Sunday, January 11, 2015

"Being A Child Of Domestic Violence Is Like A Death In Itself"

Sunday, January 11, 2015

It's quite obvious that how we respond to trauma is very much a factor of both the nature of the trauma and our own state of development.  Children can be especially vulnerable to trauma.  Consider a March, 2014 Washington Post article focused on the impact of domestic violence.

The article references a U.S. Justice Department sponsored study known as the National Survey of Children's Exposure to Violence.  The survey, completed in 2011, found that one in twelve children have witnessed a family assault.  Perhaps more compelling are the words of Dorothy Lennig quoted in the article: "Thirty years ago, we had to really convince the community that domestic violence was not  a private matter but a crime.  The next iteration of that was we had to convince people not to victim blame.  And now I feel we're moving into the next phase of really understanding the impact on the kids."  When you subtract approximately thirty years from the year 2011 you reach the year in which I nearly lost my own father to domestic violence.

The redefinition of domestic violence as something larger than a private matter will most assuredly change how it is dealt with now and how the children of the present will fare as they entire their adulthood in the coming years.  Yet it will likely be difficult to know the full consequences of such a significant change in policy for decades.  As of the time of this article's appearance in 2011 five states considered the commission of domestic violence in front of children to be a separate crime. Unfortunately the quantification of the effectiveness of such laws to provide additional protections to children is still a very new thing.  It will take some time to understand the consequences of this change in policy.

I find the article I have referenced above a fairly well balanced one.  It presents both the horror of the impacts of domestic violence as well as evidence that healing is nonetheless possible.  Trauma and catastrophic loss do not have to define our future lives.


I spent part of my day preparing for an intake appointment I have tomorrow morning.  I will be traveling to Abbott Northwestern Hospital to meet with a nurse regarding the possibility of entering the adult partial hospitalization program.  I completed this program in late 2013.  It might be time for me to experience a reprise of it.

Recalling that important time in my life from over fourteen months ago prompted me to ponder just how much my health has improved in the intervening time.  For those of you who have followed my writings over time you might remember that I focused on the idea of Complex PTSD this past summer.  I decided to use six criteria associated with this version of PTSD to review my progress.  My assessment of my progress appears below.  I first list the exact words noted with each criteria as they appear on a section of the U.S. Department of Veterans Affairs website.  Underneath these words appear my own commentary regarding my own progression.  I was pleased to note that I see improvement as measured by all six criteria.

Emotional Regulation. May include persistent sadness, suicidal thoughts, explosive anger, or inhibited anger. – My anger issues have waned.  The anger I once carried is no longer inhibited.  My primary challenge now is dealing with the sadness I feel.  Sadness, in my experience, is a much less volatile affective state to be caught in.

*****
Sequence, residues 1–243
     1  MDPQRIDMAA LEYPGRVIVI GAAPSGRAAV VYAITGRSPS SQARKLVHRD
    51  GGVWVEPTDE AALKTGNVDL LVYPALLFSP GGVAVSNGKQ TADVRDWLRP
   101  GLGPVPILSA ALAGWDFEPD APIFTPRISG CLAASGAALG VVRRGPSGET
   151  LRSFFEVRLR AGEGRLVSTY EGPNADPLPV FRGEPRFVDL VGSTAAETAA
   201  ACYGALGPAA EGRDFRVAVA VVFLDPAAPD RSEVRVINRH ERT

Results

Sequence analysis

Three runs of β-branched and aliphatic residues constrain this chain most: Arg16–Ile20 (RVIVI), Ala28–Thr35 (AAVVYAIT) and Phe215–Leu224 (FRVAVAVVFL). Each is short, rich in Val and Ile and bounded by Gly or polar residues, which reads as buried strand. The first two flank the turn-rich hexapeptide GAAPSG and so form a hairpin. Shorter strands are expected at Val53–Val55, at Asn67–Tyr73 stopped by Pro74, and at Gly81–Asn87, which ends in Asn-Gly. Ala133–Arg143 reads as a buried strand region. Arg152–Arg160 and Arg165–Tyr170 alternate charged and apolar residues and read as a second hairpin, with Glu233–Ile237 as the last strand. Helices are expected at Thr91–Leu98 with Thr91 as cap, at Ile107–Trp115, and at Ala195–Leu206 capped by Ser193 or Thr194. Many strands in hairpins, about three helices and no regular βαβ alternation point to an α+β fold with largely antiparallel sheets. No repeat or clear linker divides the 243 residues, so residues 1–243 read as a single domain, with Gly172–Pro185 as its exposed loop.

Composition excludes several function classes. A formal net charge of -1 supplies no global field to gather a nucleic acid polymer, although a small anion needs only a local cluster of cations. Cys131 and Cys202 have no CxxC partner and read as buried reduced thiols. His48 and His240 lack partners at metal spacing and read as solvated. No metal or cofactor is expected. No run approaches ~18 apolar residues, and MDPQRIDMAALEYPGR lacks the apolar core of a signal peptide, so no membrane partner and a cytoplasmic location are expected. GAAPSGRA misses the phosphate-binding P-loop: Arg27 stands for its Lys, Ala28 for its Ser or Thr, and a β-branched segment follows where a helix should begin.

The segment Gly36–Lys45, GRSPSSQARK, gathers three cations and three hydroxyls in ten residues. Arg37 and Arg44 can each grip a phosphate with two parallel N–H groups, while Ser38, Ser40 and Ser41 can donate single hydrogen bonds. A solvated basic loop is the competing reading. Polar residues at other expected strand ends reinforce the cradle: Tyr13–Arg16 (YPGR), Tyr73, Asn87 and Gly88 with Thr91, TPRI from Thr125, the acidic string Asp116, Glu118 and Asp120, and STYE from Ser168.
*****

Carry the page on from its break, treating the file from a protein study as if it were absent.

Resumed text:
Consciousness. Includes forgetting traumatic events, reliving traumatic events, or having episodes in which one feels detached from one's mental processes or body (dissociation). – My deeply learned coping skill of dissociation is not something I regularly engage in any more.  The new focus I now have is cultivating awareness and paying attention to when my intuition tells me I may be entering an undermining or harmful environment.

Self-Perception. May include helplessness, shame, guilt, stigma, and a sense of being completely different from other human beings. – My self-perception is much healthier than it was.  Of the types of experience listed I can most identify with some measure of feeling helpless.  I feel disappointment that my career is not really developing as I had first hoped and planned.

Distorted Perceptions of the Perpetrator. Examples include attributing total power to the perpetrator, becoming preoccupied with the relationship to the perpetrator, or preoccupied with revenge. – I no longer frequently engage in disempowering thoughts in which I give away my power to past perpetrators.  The best example of that is my decision to cut my paternal family of origin out of my life.  I no longer project a lot of responsibility onto my father.  I see him quite clearly as the flawed man that he is.

Relations with Others. Examples include isolation, distrust, or a repeated search for a rescuer. – I still have challenges with cultivating trust but it’s better than it once was.  I don’t self-isolate as much as I once did.  And I don’t seek out someone to rescue me from my troubles…I learned that lesson the hard way!

One's System of Meanings. May include a loss of sustaining faith or a sense of hopelessness and despair. – I am still struggling with my sense of what the possibilities for my future are but my faith that there are good people out there who will help me remains strong.

Trauma need not ruin our lives.

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I invite you to accompany me as I document my own journey of healing. My blog is designed to offer inspiration and solace to others. If you find it of value I welcome you to share it with others. Aloha!